The Age of Uncertainty
Those who are familiar with John Kenneth Galbraith and his works think of him as the economist who attacked the large producers, large buyers, and large unions which exert substantial economic power. Others think of him as a radical in his profession who attacks traditional economic theory and prefers the development of a large and active public or government sector in America to solve its problems. Galbraith is a Professor of Economics at Harvard University and former chairman of the Americans for Democratic Action. However, it is frequently overlooked that Galbraith is an exceptionally talented literary artist as well as a contemporary political philosopher and historian who would probably much prefer to be compared to John Locke or Karl Marx than to Paul Samuelson or Simon Kuznets.
Galbraith has published a series of books, several of which have gained popular acclaim. He is probably best known for two books that have generated considerable controversy: The Affluent Society (1958), in which he argues for a strong public sector, and The New Industrial State (1967), in which he argues that the traditional businessman has been replaced by a technostructure of specialists in the modern corporate world. Whether or not one accepts Galbraith’s views, there is no question that he raises provocative issues and provides insights as well as informative material in an interesting and understandable style. It is this particular quality that makes his books so popular and pleasurable to read. The Age of Uncertainty is no disappointment in this sense.
As a matter of background, The Age of Uncertainty is a consequence of the effort to develop the film series of the same title, which was produced by the BBC and shown throughout the United States on the Public Broadcasting System. For his pilot attempt with the new media, Galbraith proceeded to write a series of concise essays that focused on a single contention: that there is worldwide tension which results from the “shaking up” of traditional political and economic doctrines. In other words, Galbraith examines the contrasts between the certainties of the past century with the uncertainties of our time. Capitalism, with its well-defined theory of markets and profits, was certain of its success, yet now we are witness to the uncertainty of its future. Socialism was certain of the rightness of its views; now it is haunted by uncertainty. Imperialists, certain that colonialism was the proper way to deal with underdeveloped societies, are now being toppled in many places throughout the world. These are the issues that Galbraith approaches in his typical evolutionary style. As would be expected, much of his material is derived from his earlier works. Indeed, parts of this book are taken directly from earlier publications. But for those who are familiar with Galbraith, The Age of Uncertainty will not be a disappointment. Galbraith pursues his challenge to the powers of the marketplace and questions the assumed dangers of the State. He also takes a position that appears to have substantial public sympathy, in favor of increased government involvement in economic affairs.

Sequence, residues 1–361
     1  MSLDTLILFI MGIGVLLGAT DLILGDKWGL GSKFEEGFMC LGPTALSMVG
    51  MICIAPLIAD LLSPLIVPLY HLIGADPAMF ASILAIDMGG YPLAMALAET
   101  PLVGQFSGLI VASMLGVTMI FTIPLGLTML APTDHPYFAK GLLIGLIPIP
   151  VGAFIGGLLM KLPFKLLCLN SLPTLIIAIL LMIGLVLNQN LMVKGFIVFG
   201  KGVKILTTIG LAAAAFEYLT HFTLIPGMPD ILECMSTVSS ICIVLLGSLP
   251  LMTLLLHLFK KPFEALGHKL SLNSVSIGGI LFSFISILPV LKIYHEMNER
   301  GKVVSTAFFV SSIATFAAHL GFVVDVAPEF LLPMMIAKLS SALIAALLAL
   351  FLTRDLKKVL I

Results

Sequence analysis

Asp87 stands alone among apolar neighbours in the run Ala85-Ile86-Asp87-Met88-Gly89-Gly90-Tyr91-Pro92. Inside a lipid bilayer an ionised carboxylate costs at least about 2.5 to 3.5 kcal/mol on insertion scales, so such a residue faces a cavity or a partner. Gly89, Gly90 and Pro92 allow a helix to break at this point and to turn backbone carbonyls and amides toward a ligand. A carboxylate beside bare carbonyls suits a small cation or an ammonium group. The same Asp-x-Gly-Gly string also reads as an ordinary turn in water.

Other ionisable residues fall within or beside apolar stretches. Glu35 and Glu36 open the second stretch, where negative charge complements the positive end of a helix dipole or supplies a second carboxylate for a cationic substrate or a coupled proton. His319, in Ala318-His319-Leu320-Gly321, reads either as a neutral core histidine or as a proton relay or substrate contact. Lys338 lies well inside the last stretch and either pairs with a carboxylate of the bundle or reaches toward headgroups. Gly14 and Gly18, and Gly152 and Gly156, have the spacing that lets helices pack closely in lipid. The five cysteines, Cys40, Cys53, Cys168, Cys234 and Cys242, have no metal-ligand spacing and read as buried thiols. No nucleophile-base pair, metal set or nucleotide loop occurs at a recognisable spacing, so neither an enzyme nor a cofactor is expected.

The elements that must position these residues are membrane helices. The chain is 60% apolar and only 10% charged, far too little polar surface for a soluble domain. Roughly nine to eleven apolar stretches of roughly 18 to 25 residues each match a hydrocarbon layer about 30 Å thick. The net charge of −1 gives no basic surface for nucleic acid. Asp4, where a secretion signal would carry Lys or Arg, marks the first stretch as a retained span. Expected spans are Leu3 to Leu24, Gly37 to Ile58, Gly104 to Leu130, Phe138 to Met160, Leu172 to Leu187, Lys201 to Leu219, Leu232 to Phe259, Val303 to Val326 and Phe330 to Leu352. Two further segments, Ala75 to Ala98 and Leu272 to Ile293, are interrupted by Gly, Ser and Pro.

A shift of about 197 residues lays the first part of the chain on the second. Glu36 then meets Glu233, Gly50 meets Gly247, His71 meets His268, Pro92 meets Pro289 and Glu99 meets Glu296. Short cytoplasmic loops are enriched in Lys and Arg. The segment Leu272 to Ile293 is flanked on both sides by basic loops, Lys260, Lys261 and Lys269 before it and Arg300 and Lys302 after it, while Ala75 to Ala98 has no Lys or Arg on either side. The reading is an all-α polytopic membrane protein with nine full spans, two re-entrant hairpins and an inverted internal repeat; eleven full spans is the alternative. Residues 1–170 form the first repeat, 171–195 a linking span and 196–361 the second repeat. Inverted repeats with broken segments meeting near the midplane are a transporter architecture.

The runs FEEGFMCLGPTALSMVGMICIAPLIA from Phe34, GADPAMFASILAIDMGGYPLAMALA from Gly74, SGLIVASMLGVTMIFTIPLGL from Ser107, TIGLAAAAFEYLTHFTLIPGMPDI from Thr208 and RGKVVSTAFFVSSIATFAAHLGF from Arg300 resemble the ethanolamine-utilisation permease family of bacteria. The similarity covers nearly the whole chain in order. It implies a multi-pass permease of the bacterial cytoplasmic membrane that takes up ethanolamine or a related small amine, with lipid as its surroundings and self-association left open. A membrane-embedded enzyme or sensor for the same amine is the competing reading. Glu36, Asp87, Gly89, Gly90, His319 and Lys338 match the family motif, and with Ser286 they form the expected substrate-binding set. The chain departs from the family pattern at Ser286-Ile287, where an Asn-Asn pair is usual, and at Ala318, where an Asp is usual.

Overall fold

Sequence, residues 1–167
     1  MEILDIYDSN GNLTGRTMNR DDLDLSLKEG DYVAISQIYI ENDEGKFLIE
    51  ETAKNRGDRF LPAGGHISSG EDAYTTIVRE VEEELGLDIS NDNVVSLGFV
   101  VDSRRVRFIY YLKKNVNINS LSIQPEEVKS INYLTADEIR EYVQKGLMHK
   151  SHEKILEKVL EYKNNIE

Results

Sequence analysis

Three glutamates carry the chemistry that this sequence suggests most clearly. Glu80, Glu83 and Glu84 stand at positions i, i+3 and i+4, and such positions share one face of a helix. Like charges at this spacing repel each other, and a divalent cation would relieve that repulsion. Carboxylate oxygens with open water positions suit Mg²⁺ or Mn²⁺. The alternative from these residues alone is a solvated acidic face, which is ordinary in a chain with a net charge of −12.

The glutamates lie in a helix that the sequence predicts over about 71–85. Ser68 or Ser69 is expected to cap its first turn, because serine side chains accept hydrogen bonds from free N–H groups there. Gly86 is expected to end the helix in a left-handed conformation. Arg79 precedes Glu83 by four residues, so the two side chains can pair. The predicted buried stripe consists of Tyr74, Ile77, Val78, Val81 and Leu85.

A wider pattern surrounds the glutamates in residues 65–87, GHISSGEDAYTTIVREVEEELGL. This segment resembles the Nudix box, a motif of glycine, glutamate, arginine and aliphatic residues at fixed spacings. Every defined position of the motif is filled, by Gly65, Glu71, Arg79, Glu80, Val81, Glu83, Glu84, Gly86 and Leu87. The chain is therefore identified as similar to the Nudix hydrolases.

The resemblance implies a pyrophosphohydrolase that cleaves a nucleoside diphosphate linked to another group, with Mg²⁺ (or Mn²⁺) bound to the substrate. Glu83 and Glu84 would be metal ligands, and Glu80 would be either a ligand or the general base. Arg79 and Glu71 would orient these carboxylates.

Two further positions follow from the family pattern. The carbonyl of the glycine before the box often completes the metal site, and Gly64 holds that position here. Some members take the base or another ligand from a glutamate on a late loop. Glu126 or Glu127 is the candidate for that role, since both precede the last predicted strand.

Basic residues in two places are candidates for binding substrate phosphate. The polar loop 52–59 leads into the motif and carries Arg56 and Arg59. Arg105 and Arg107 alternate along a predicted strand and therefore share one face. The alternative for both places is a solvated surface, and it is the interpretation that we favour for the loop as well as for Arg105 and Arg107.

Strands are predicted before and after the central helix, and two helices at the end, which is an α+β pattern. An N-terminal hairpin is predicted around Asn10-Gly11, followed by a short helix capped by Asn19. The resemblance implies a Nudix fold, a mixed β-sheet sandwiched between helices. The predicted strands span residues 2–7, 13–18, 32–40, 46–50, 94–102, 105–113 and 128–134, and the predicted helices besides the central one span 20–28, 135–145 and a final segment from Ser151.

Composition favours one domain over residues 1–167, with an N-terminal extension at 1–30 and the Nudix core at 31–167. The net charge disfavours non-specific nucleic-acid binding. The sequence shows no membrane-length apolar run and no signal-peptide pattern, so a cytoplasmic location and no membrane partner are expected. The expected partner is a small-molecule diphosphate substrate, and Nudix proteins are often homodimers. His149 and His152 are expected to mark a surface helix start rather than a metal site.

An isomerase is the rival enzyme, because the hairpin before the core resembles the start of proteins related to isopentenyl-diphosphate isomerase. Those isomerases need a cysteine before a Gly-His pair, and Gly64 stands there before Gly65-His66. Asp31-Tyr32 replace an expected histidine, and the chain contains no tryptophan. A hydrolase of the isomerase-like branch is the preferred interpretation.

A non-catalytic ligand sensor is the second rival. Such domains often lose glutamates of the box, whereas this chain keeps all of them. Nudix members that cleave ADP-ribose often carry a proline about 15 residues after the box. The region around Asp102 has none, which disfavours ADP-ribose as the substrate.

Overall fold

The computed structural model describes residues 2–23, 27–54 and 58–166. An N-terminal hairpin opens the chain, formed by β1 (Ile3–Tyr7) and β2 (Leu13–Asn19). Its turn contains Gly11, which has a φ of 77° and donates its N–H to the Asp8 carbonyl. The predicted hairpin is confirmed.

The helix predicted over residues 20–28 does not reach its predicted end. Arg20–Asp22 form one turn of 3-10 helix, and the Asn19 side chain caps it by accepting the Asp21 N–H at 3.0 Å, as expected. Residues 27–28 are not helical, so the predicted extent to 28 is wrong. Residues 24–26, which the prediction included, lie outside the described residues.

Galbraith’s approach is methodical and thorough. First he examines the political-economic philosophers in a detailed, comprehensive way and discusses their impact on the political-economic systems. From the viewpoint of an economist, he outlines the evolution of economic thought and history. Galbraith is able to present his information in a way that is generally appealing and fascinating, by blending details with interesting anecdotes and major historical events to provide pointed insights and reflections into the evolution of historical episodes over the past two hundred years.
Purely by coincidence, 1776, the year of the American Declaration of Independence, is also the year that Adam Smith published The Wealth of Nations, a treatise that has come to be accepted by economists as the origin of modern economic thinking. Smith concluded that the wealth of a nation results from the independent pursuit of each of its citizens to seek his own interest; Galbraith takes the reader through the more familiar episodes and examples in Smith’s classic work in order to set the scene for the events of that era and to contrast the view of Adam Smith with our current economic structure, with its conglomerates, multinational corporations, and international labor unions. He pursues what he calls the “tyranny of circumstance,” contrasting the historical situation with the theoretical...
(The entire section is 1870 words.)